Although designed primarily for use as a clinical tool, the WHO 2009 classification does enable severe dengue cases to be differentiated into three specific sub-categories (severe vascular leakage, severe bleeding, and severe organ dysfunction) to look at pathogenesis in a more focused way. Two novel susceptibility loci associated with DSS have already been identified by use of this method.36 However, further refinement is needed, and we strongly advocate that the dengue research community should work together to develop international standards for the detailed discrimination of clinical phenotypes for use in pathogenesis studies and/or therapeutic intervention trials. For example, an internationally agreed system that defines the minimum dataset required to make an informed evaluation of the severity of vascular leakage in an individual patient, potentially enabling a score to be assigned to facilitate comparisons within and between research studies, would be invaluable to the research community. Similarly development of a systematic approach to defining the etiology and severity of bleeding manifestations or hepatic dysfunction would be a major step forward. To reduce the selection and information bias inherent in retrospective data collection, we also urge that pathogenesis studies should be designed to collect data prospectively from well-defined study populations comprising the full spectrum of dengue disease, rather than relying on potentially incomplete information extracted from the clinical medical records of selected patient groups.
Finally, it is important to stress that case definition and case classification serve different purposes and should not be conflated into a single concept. Typically, a case definition is used for discovery, epidemiologic, or diagnostic purposes, usually in the absence of confirmatory laboratory tests, but case classification separates patients into different disease categories based on predefined criteria. In the WHO 2009 guidelines, the criteria for making a clinical diagnosis of dengue remain virtually unchanged, with only minor modifications from those used to define DF in the 1997 guidelines, but classification into disease categories has been substantially revised and is now based on clinical severity rather than a syndromic approach.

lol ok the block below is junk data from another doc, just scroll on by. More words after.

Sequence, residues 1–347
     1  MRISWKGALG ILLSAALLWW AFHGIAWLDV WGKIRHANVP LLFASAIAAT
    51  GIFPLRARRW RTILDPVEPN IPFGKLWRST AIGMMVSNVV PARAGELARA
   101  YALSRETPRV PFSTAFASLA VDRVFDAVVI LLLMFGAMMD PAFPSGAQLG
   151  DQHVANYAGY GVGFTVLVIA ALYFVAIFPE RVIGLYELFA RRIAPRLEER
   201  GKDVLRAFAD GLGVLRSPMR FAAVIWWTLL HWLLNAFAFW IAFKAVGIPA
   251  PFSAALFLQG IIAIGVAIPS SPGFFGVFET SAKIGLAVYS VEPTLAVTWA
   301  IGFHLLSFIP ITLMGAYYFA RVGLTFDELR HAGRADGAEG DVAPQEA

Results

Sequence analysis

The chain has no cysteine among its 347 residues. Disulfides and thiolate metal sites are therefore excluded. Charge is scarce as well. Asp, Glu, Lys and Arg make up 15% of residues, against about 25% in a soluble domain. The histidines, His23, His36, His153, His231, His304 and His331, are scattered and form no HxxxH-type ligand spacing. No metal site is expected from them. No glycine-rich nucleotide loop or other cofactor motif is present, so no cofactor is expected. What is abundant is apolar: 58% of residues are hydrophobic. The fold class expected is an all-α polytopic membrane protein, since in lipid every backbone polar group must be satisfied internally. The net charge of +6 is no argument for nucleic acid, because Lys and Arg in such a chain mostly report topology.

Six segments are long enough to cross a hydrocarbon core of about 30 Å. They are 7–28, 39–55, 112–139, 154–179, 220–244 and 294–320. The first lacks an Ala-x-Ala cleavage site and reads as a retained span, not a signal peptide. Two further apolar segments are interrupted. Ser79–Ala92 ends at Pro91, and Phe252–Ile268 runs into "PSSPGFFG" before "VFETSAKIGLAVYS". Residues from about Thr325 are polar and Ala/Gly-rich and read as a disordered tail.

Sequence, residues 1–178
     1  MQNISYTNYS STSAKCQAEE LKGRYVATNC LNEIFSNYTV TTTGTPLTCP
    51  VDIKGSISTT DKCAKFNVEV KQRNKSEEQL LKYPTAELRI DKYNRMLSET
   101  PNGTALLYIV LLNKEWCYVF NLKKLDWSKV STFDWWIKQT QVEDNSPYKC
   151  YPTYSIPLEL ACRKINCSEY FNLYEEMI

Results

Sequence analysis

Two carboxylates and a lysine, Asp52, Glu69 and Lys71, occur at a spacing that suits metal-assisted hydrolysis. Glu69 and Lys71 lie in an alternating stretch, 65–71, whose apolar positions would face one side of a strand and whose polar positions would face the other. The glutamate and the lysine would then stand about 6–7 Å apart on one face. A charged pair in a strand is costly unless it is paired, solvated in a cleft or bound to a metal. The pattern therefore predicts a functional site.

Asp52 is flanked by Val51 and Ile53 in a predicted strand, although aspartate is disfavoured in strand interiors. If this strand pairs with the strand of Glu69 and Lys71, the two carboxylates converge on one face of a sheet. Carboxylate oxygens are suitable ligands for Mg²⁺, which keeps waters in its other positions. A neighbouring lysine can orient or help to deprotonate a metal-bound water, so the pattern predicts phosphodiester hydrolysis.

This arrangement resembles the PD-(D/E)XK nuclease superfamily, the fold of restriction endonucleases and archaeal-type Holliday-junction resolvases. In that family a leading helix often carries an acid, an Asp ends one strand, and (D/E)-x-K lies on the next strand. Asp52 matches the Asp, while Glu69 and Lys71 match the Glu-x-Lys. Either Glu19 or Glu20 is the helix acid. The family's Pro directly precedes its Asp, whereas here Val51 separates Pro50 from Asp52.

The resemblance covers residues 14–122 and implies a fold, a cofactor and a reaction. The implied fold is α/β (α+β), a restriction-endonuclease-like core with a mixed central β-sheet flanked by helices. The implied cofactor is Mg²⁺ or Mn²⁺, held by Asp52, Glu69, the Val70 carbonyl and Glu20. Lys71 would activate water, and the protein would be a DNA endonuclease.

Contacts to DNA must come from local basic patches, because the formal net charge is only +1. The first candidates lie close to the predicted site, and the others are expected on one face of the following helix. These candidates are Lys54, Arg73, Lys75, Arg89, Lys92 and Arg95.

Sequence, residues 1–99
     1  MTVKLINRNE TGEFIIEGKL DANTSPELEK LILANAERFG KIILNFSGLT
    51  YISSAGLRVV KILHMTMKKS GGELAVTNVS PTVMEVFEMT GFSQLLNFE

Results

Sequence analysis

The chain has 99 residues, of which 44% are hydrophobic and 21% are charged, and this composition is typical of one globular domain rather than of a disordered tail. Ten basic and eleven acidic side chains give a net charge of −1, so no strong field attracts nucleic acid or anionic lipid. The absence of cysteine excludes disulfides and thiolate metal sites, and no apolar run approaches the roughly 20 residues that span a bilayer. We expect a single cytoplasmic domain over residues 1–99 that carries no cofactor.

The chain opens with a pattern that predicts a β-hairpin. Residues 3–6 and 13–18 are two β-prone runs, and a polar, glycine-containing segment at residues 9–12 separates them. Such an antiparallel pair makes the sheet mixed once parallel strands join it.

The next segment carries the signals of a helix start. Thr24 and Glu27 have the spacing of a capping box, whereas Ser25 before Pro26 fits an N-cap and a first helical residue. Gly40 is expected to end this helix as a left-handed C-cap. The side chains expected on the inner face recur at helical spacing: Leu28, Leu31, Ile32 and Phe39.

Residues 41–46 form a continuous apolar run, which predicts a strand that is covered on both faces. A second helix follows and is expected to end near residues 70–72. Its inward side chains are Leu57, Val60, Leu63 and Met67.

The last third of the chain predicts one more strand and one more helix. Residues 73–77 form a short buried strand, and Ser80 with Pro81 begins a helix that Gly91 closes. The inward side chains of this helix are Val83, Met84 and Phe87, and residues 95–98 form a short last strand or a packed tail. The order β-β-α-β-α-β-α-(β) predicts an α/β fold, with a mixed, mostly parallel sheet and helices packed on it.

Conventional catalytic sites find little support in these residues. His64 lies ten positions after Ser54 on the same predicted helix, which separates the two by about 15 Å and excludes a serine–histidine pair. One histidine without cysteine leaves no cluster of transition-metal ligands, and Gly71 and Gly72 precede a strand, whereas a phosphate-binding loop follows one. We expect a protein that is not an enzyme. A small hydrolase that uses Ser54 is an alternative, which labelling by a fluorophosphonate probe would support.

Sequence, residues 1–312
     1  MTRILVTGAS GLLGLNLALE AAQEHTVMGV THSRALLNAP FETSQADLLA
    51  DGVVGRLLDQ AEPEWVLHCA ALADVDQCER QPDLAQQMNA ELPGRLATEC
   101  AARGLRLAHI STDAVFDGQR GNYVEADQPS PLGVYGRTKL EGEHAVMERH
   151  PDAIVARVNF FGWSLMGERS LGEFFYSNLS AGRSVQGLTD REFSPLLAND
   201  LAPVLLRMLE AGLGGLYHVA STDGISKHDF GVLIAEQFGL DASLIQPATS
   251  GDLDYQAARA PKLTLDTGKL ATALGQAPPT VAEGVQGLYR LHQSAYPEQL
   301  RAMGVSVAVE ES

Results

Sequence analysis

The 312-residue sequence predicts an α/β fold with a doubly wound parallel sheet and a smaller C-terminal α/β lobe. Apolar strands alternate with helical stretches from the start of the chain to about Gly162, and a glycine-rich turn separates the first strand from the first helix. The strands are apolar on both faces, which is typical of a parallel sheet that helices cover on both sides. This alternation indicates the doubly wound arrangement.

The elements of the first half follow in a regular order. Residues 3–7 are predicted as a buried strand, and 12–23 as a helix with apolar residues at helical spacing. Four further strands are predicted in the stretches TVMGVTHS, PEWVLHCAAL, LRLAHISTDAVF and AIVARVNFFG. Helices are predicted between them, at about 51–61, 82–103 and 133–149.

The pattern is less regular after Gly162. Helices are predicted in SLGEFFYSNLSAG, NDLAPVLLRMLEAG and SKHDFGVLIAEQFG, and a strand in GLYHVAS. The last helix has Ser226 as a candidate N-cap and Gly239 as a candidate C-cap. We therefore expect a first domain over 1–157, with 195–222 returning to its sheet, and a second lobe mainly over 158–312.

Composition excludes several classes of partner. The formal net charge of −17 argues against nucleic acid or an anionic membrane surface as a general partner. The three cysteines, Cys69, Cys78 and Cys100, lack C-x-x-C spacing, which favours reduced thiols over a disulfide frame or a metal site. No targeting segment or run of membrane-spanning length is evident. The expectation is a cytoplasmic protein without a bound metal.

In conclusion, dengue is a complex disease. Establishing change is always difficult, but the need for a clinically relevant, easy to apply case classification is beyond question. Such a classification scheme needs to reflect the contemporary epidemiology of the disease, be able to assess severity in real time, and be globally harmonized. The 1997 WHO scheme was too complicated to use in clinical or public health settings, yet was not sufficiently precise for detailed pathogenesis studies. The 2009 WHO classification, based on prospectively collected evidence and with on-going validation studies involving more than 12,000 patients in 12 countries across Asia and the Americas, brings clarity, clinical and epidemiological utility, and the potential for development of more precise definitions of clinical phenotype for pathogenesis studies.